An offer lapses on expiry of the time, if any, fixed for acceptance. Where an offer says that it shall remain open for acceptance up to a certain date, it has to be accepted within that date. Where no time for acceptance is prescribed, the offer has to be accepted within reasonable time. What is “reasonable time” will depend upon the facts and circumstances of each case. Where the subject matter of the contract is an article, like gold, the prices of which rapidly fluctuate in the market, very short period will be regarded as reasonable, but not so in reference to land.
In Ramsgate Victoria Hotel Co vs. Montefiore. The offer was made by M on June 8 to take shares of R and the Acceptance was received on 23Nov i.e. beyond reasonable time, it was held to be no valid acceptance.
In Head vs. Diggon the offer to sale of wool was made on Thursday and three days’ time limit for acceptance was suggested, the offeree sent his acceptance on Monday. It was held that the offer had lapsed.
NON- FULFILMENT OF CONDITION PRECEDENT:
Where an offer is subject to condition precedent, it lapses if it is accepted without fulfilling the condition. For example, A offered to sell goods to B on a condition that the agreed price between then must be paid before certain date, B fails to pay by the specified date. It was held that the offer stands revoked.
DEATH OR INSANITY OF OFFEROR:
An offer lapses on the death or insanity of the offeror, provided that the facts comes to the knowledge of the offeree before he makes his acceptance. There is no provision in the Act about the effect of the death of an offeree. A solicitor obtained the acceptance of his client but communicated it to the offeror after the client’s death though in ignorance of it. The communication was held not to have resulted in contract.
REVOCATION OF ACCEPTANCE
According to English Law an acceptance once made is irrevocable. In the words of Anson “acceptance is to offer what is lighted match is to a train of gun powder. Both do something which cannot be undone”. This rule is obviously confined in its operation only to postal acceptance. It is suggested in Anson that in other cases “an acceptance can be revoked at any time before acceptance is complete, provided, of course that the revocation itself is communicated before acceptance arrives”.
In India, on the other hand, acceptance is generally revocable. An acceptor may cancel his acceptance by a speedier mode of communication which reach earlier than the acceptance itself. Section 5 is the relevant provision in this regard.
REVOCATION OF PROPOSAL AND ACCEPTANCE
A proposal may be revoked at any time before the communication of the acceptance is complete as against the proposer, but not afterwards.
When the contract is created through post, according to sec 4 by the posting of letter of acceptance-
- The proposer becomes bound when the letter of acceptance is posted to him
- The acceptor becomes bound when the letter of acceptance reaches the proposer.
Since the acceptor does not become bound immediately on posting his letter of acceptance, he is free to revoke the acceptance by adopting the speedier mode of communication, whereby his communication of revocation of acceptance may reach earlier than his letter of acceptance. Sec 5 expressly permits the revocation of acceptance through following provision:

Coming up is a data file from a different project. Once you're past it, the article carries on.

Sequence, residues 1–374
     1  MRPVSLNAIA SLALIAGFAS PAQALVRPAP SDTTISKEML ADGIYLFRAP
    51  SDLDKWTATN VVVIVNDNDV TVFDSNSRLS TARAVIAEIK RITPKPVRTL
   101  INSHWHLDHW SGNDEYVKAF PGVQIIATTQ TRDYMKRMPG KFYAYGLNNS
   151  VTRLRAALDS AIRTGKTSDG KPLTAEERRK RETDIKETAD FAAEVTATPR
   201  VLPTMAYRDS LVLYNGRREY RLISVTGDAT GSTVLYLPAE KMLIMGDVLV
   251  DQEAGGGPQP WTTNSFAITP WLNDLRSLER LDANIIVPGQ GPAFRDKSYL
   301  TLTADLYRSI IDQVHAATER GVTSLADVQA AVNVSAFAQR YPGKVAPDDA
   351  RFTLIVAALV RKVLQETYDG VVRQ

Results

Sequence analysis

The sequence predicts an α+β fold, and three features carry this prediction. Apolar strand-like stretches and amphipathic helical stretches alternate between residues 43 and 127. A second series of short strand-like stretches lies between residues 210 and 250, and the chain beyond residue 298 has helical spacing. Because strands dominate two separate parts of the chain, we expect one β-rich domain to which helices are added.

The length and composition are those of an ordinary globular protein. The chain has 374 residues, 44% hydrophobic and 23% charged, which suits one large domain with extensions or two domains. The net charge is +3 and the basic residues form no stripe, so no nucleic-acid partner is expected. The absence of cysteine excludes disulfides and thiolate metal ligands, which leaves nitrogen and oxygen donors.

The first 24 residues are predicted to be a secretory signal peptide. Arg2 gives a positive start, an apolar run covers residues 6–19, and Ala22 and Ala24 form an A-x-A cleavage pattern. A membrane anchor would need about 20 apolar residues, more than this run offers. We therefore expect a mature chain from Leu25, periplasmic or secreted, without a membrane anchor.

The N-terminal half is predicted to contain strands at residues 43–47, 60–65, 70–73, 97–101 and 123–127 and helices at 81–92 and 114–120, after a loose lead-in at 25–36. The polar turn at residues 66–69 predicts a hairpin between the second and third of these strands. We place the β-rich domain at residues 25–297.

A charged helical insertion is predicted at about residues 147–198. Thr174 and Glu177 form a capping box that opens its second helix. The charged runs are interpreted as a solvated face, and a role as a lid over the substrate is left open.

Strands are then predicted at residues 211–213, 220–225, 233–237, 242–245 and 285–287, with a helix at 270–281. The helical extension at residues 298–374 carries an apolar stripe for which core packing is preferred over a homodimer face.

“An acceptance may be revoked at any time before the communication of the acceptance is complete as against the acceptor, but not afterwards”. For example A proposes by a letter sent by a post, to sell his house to B. B accepts the proposal by a letter sent by post. B may revoke his acceptance at any time before or at the moment when the letter communicating it reaches A, but not afterwards.
The communication of revocation is complete-
Sec 4 lays down that, the communication of revocation is complete
- As against the person who makes it, when it is put into a course of transmission to the person to whom it is made, so as to be out of the power of the person who makes it,
- As against the person to whom it is made, when it comes to his knowledge.
For example Revocation of proposal: A revokes his proposal by telegram.
The revocation is complete as against A when the telegram is dispatched. It is complete as against B when B receives it.
Revocation of acceptance: B revokes his acceptance by telegram. B’s revocation is complete as against the B when the telegram is dispatched, and as against A when it reaches to him.
REVOCATION OF ACCEPTANCE (ENGLAND)
According to English law, once the letter of acceptance is posted it binds both the parties and there appears to be no scope of revocation of acceptance by sending a telegram or through a phone call. The reason for this position is that if the acceptor is allowed to withdraw his acceptance he will have the best of both the worlds, having a choice to make the offeror liable by relying on his acceptance, and also having an option to withdraw his acceptance by telegram or telephone call. On this point Anson has observed as under
Since the acceptance is complete as soon as the letter of acceptance is posted, a telephone call or telegram revoking the acceptance would be inoperative, though it reached the offeror before the letter. Thus, it is argued as according to both the logical and fair conclusion, otherwise the offeree could blow both hot and cold, having the benefit of certainty in his postal acceptance, and the opportunity to revoke it if it turned out suddenly to be to his disadvantage.
“In India, the position is different. Indian law permits revocation of acceptance after the letter of acceptance has been posted.